A Shocking “Confession” from Willow Creek Community Church

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A Commentary

The headlines on a Townhall.com article this week certainly catch the attention: “A Shocking ‘Confession’ from Willow Creek Community Church.”The article talks about a survey Willow Creek performed and the findings of the survey:

Willow Creek has released the results of a multi-year study on the effectiveness of their programs and philosophy of ministry. The study’s findings are in a new book titled Reveal: Where Are You?, co-authored by Cally Parkinson and Greg Hawkins, executive pastor of Willow Creek Community Church. Hybels himself called the findings “earth shaking,” “ground breaking” and “mind blowing.” And no wonder: it seems that the “experts” were wrong.

The report reveals that most of what they have been doing for these many years and what they have taught millions of others to do is not producing solid disciples of Jesus Christ. Numbers yes, but not disciples. It gets worse. Hybels laments:

Some of the stuff that we have put millions of dollars into thinking it would really help our people grow and develop spiritually, when the data actually came back it wasn’t helping people that much. Other things that we didn’t put that much money into and didn’t put much staff against is stuff our people are crying out for.

Hybels explains what he feels Willow Creek should have been doing:

We made a mistake. What we should have done when people crossed the line of faith and become Christians, we should have started telling people and teaching people that they have to take responsibility to become ‘self feeders.’ We should have gotten people, taught people, how to read their bible between services, how to do the spiritual practices much more aggressively on their own.

This may sound quite noble to most that Hybels now realizes he should have been telling congregants to read their Bibles, but what are these “spiritual practices” that people should do “more aggressively on their own”? Will they be the meditative practices that are already incorporated into Willow Creek through their spiritual formation curriculum that contemplatives Ruth Haley Barton and John Ortberg created for WC? While WC may revise some of their big corporation, church-growing tactics and programs to accommodate the survey’s revelations, it isn’t too likely they will be getting rid of their spiritual formation emphasis. After all, spiritual practices (or disciplines) is what is at the heart of spiritual formation (with meditation at the forefront). Still remaining on their site is their Solitude page with recommended resources by contemplatives Henri Nouwen and Dallas Willard. And countless other such resources can be found on the WC website, including many from emerging leaders such as Erwin McManus and Brian McLaren.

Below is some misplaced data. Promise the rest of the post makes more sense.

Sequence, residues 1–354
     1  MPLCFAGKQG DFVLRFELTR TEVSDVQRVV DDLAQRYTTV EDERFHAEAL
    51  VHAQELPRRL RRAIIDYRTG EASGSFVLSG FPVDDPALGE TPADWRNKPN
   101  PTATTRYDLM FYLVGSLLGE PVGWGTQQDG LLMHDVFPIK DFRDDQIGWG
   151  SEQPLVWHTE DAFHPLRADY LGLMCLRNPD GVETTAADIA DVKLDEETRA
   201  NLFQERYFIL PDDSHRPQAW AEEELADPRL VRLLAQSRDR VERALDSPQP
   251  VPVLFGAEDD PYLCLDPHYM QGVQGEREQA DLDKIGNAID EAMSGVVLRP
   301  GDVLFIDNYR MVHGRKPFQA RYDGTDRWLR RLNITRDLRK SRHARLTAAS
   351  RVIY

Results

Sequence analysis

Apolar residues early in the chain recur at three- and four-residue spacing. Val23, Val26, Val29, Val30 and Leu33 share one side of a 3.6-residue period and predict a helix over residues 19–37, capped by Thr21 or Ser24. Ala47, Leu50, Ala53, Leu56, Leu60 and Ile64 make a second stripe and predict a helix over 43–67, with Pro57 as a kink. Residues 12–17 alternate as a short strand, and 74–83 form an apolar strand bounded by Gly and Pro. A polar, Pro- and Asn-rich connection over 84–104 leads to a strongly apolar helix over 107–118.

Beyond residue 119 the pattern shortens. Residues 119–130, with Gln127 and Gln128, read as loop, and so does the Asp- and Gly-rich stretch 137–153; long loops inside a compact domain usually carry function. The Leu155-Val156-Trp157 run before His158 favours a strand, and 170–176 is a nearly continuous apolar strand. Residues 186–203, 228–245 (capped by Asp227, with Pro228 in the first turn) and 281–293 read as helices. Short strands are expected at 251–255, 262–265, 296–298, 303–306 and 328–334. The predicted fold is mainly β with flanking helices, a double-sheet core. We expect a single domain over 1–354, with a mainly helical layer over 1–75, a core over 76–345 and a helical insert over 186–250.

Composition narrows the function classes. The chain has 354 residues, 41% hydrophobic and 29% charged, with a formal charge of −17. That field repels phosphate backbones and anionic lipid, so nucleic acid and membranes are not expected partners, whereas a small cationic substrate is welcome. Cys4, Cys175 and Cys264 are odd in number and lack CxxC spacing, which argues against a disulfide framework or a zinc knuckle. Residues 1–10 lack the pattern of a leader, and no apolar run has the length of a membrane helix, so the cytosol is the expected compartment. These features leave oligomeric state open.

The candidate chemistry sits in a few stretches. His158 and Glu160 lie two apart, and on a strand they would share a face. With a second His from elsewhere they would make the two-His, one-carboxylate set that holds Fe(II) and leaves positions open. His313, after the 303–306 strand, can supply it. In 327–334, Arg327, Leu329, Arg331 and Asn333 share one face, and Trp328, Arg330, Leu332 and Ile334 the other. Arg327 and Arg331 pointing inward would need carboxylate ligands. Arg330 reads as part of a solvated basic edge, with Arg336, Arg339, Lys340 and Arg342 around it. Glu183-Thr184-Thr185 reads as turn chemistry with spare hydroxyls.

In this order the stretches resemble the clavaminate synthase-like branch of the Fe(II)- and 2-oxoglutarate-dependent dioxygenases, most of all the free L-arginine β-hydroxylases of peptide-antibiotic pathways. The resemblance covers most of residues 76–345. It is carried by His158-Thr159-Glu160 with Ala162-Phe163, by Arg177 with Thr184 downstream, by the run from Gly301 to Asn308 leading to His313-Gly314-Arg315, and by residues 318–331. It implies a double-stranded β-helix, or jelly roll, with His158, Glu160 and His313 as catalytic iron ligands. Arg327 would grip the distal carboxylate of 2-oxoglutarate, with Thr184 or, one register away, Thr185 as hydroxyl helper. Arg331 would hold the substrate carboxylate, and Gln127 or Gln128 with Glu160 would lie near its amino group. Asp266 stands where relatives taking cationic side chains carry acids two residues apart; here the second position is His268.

What is Willow Creek’s motive in wanting to make these changes? The Townhall article reveals a glimpse of that:

Perhaps the most shocking thing of all in this revelation coming out of Willow Creek is in a summary statement by [WC executive pastor] Greg Hawkins:

Our dream is that we fundamentally change the way we do church. That we take out a clean sheet of paper and we rethink all of our old assumptions. Replace it with new insights. Insights that are informed by research and rooted in Scripture. Our dream is really to discover what God is doing and how he’s asking us to transform this planet.

It is no new thing that Willow Creek wishes to “transform the planet.” They are part of the emerging spirituality that includes Rick Warren and many other major Christian leaders who believe the church will usher in the kingdom of God on earth before Christ returns. This dominionist, kingdom-now theology is literally permeating the lecture halls of many Christian seminaries, and mysticism is the propeller that keeps its momentum. If Willow Creek hopes to transform the planet, they won’t be able to get rid of the focus on the mystical (i.e., contemplative). Their new Fall 2007 Catalog gives a clear picture of where their heart lies, with resources offered by New Age proponent Rob Bell, contemplative author Keri Wyatt Kent, and the Ancient Future Conference with emerging leaders Scot McKnight and Alan Hirsch as well as resources by Ruth Haley Barton and John Ortberg.

Time will tell what Willow Creek intends to do about strengthening its focus on “spiritual practices” and “transform[ing] the planet,” but if what they have been doing over the last couple decades is any indication, it will only further the cause to unite the world through meditation and a false global peace. And in case some are thinking right now, “Well, let’s give them a chance to show how they are changing for the good,” take a look at the upcoming Shift conference presented by Willow Creek next Spring. Resources for the event include those by atonement denier Brian McLaren as well as emerging/mystic leaders Mark Yaconelli, Scot McKnight, Dan Kimball, and Shaine Claiborne. It is becoming more and more apparent that Willow Creek’s “shocking confession” falls quite short of the truth. Under the guise of telling congregants to read their Bibles more is a paradigm shift that is anything but biblical and should be avoided at all costs.
Related Articles:

Read Faith Undone for documented information on the kingdom-now plan of the emerging church.

Willow Creek Leadership Summit Speaker Promotes Mysticism

Pentecost 2007 … A Step Closer to Global Unity … A Step Further From Gospel Truth

A Line Has Been Crossed … No Turning BackConference ALERT: Arts Conference 2007 (Willow Creek)

More research on Willow Creek

Bible Prophecy on Trial

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